Won Second Round playoffs (Packers) 37–26
Lost NFC Championship (at Redskins) 17–31
St. Louis Cardinals5–4Lost First Round playoffs (at Packers) 16–41
1983Dallas Cowboys12–4Lost Wild Card playoffs (Rams) 17–24
1984New York Giants9–7Won Wild Card playoffs (at Rams) 16–13
Lost Divisional playoffs (at 49ers) 10–21
1985New York Giants10–6Won Wild Card playoffs (49ers) 17–3
Lost Divisional playoffs (at Bears) 0–21
1986Washington Redskins12–4Won Wild Card playoffs (Rams) 19–7
Won Divisional playoffs (at Bears) 27–13
Lost NFC Championship (at Giants) 0–17
1989Philadelphia Eagles11–5Lost Wild Card playoffs (Rams) 7–21
1990Washington Redskins10–6Won Wild Card playoffs (at Eagles) 20–6
Lost Divisional playoffs (at 49ers) 10–28
Philadelphia Eagles10–6Lost Wild Card playoffs (Redskins) 6–20
1991Dallas Cowboys11–5Won Wild Card playoffs (at Bears) 17–13
Lost Divisional playoffs (at Lions) 6–38
1992Philadelphia Eagles10–6Won Wild Card playoffs (at Saints) 36–20
Lost Divisional playoffs (at Cowboys) 10–34
Washington Redskins9–7Won Wild Card playoffs (at Vikings) 24–7
Lost Divisional playoffs (at 49ers) 13–20
1993New York Giants11–5Won Wild Card playoffs (Vikings) 17–10
Lost Divisional playoffs (at 49ers) 3–44
1995Philadelphia Eagles10–6Won Wild Card playoffs (Lions) 58–37
Lost Divisional playoffs (at Cowboys) 11–30
1996Philadelphia Eagles10–6Lost Wild Card playoffs (at 49ers) 0–14
1998Arizona Cardinals9–7Won Wild Card playoffs (at Cowboys) 20–7
Lost Divisional playoffs (at Vikings) 21–41
1999Dallas Cowboys8–8Lost Wild Card playoffs (at Vikings) 10–27
2000Philadelphia Eagles11–5Won Wild Card playoffs (Buccaneers) 21–3
Lost Divisional playoffs (at Giants) 10–20
NFC East
2002New York Giants10–6Lost Wild Card playoffs (at 49ers) 38–39
2003Dallas Cowboys10–6Lost Wild Card playoffs (at Panthers) 10–29
2005Washington Redskins10–6Won Wild Card playoffs (at Buccaneers) 17–10
Lost Divisional playoffs (at Seahawks) 10–20
2006Dallas Cowboys9–7Lost Wild Card playoffs (at Seahawks) 20–21
New York Giants8–8Lost Wild Card playoffs (at Eagles) 20–23
2007New York Giants10–6Won Wild Card playoffs (at Buccaneers) 24–14
Won Divisional playoffs (at Cowboys) 21–17
Won NFC Championship (at Packers) 23–20 (OT)
Won Super Bowl XLII (vs. Patriots) 17–14
Washington Redskins9–7Lost Wild Card playoffs (at Seahawks) 14–35
2008Philadelphia Eagles9–6–1Won Wild Card playoffs (at Vikings) 26–14
Won Divisional playoffs (at Giants) 23–11
Lost NFC Championship (at Cardinals) 25–32
2009Philadelphia Eagles11–5Lost Wild Card playoffs (at Cowboys) 14–34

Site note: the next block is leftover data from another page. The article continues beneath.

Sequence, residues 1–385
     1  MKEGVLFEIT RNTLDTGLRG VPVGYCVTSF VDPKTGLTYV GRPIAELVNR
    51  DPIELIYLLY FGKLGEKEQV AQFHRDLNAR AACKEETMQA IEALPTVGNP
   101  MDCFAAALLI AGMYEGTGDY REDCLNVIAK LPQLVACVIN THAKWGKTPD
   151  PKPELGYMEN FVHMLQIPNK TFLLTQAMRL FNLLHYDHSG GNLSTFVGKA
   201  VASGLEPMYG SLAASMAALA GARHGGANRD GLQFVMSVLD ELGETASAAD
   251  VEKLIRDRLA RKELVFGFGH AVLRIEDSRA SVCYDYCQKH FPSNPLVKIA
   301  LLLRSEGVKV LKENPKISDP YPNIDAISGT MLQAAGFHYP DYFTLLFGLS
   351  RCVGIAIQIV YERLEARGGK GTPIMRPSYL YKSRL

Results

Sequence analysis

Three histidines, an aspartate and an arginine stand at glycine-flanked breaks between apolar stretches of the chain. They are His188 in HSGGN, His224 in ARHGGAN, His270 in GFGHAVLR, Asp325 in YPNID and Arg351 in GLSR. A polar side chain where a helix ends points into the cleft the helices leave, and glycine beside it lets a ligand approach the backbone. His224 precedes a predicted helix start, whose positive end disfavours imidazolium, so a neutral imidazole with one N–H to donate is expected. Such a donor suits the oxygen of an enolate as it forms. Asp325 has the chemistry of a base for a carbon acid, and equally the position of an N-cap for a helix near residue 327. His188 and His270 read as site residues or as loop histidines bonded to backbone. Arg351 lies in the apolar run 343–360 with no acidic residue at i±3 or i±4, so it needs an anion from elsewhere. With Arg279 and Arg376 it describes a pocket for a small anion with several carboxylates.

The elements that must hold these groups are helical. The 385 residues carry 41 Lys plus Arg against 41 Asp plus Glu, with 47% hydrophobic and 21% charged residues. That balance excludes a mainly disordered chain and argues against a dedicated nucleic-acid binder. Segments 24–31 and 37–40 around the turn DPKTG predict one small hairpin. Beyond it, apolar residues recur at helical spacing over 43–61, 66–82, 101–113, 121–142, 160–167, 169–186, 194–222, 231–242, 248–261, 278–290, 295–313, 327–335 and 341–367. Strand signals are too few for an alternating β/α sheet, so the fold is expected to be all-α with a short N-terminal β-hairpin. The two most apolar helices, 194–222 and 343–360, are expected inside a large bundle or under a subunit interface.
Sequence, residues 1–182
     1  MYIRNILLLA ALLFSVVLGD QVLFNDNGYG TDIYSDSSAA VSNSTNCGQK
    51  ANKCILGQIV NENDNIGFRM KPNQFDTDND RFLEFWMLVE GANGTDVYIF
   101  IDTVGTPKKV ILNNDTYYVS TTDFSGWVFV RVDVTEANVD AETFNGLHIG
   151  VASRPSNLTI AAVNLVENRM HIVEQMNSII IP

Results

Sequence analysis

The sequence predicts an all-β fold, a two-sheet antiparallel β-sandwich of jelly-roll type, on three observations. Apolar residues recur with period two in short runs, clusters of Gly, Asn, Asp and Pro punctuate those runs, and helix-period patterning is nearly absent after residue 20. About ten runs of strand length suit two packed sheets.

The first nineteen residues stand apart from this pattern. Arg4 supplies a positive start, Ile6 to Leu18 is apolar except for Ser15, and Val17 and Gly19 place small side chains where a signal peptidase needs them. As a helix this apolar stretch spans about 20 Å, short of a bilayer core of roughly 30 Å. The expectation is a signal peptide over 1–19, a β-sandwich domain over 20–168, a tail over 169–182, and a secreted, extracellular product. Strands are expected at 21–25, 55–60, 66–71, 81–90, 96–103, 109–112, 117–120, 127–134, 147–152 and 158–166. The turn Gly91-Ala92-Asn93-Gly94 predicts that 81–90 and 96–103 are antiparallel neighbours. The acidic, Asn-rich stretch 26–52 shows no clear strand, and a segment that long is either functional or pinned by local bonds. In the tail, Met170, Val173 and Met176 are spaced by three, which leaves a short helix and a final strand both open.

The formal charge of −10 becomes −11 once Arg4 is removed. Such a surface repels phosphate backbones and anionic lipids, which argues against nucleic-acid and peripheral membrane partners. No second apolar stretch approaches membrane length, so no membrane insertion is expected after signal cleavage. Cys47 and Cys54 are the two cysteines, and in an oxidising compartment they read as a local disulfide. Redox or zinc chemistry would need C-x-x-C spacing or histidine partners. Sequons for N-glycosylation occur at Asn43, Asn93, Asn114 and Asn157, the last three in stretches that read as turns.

2016New York Giants11–5Lost Wild Card playoffs (at Packers) 13–38
2018Philadelphia Eagles9–7Won Wild Card playoffs (at Bears) 16–15
Lost Divisional playoffs (at Saints) 14–20
  • + A players' strike in 1982 reduced the regular season to nine games, so the league used a special 16-team playoff tournament just for this year.
  • ** The 2007 New York Giants are the only NFC East team to win a Super Bowl as a Wild Card team, and the first NFL team in history to win the Super Bowl as a 5th Seed in either Conference.[9]

Total playoff berths since 1967

TeamDivision
Championships
Playoff
Berths
Super Bowl
Appearances
Super Bowl
Championships
Dallas Cowboys233285
Philadelphia Eagles112331
Washington Football Team111953
New York Giants81654
Arizona Cardinals12400

To sort table above, click button to right of heading.

NFC EastDivision
Championships
Playoff
Berths
NFC
Championships
Super Bowl
Championships
Totals- 1967-201953932113
1These numbers only reflect the Cardinals' time as a member of the NFC East, as the team realigned to the NFC West after the 2001 season.

Season results

(#) Denotes team that won the Super Bowl
(#) Denotes team that won the NFC Championship
(#) Denotes team that qualified for the NFL Playoffs
SeasonTeam (record)
1st2nd3rd4th5th
NFL Capitol
1967 Dallas (9–5) Philadelphia (6–7–1) Washington (5–6–3) New Orleans (3–11)
1968 Dallas (12–2) N.Y. Giants (7–7) Washington (5–9) Philadelphia (2–12)
1969 Dallas (11–2–1) Washington (7–5–2) New Orleans (5–9) Philadelphia (4–9–1)
NFC East
1970 Dallas (10–4) N.Y. Giants (9–5) St. Louis (8–5–1) Washington (6–8) Philadelphia (3–10–1)
1971 Dallas (11–3) Washington (9–4–1) Philadelphia (6–7–1) St. Louis (4–9–1) N.Y. Giants (4–10)
1972 Washington (11–3) Dallas (10–4) N.Y. Giants (8–6) St. Louis (4–9–1) Philadelphia (2–11–1)
1973 Dallas (10–4) Washington (10–4) Philadelphia (5–8–1) St. Louis (4–9–1) N.Y. Giants (2–11–1)
1974 St. Louis (10–4) Washington (10–4) Dallas (8–6) Philadelphia (7–7) N.Y. Giants (2–12)
1975 (3) St. Louis (11–3) (4) Dallas (10–4) Washington (8–6) N.Y. Giants (5–9) Philadelphia (4–10)
1976 (2) Dallas (11–3) (4) Washington (10–4) St. Louis (10–4) Philadelphia (4–10) N.Y. Giants (3–11)
1977 (1) Dallas (12–2) Washington (9–5) St. Louis (7–7) Philadelphia (5–9) N.Y. Giants (5–9)
1978 (2) Dallas (12–4) (5) Philadelphia (9–7) Washington (8–8) St. Louis (6–10) N.Y. Giants (6–10)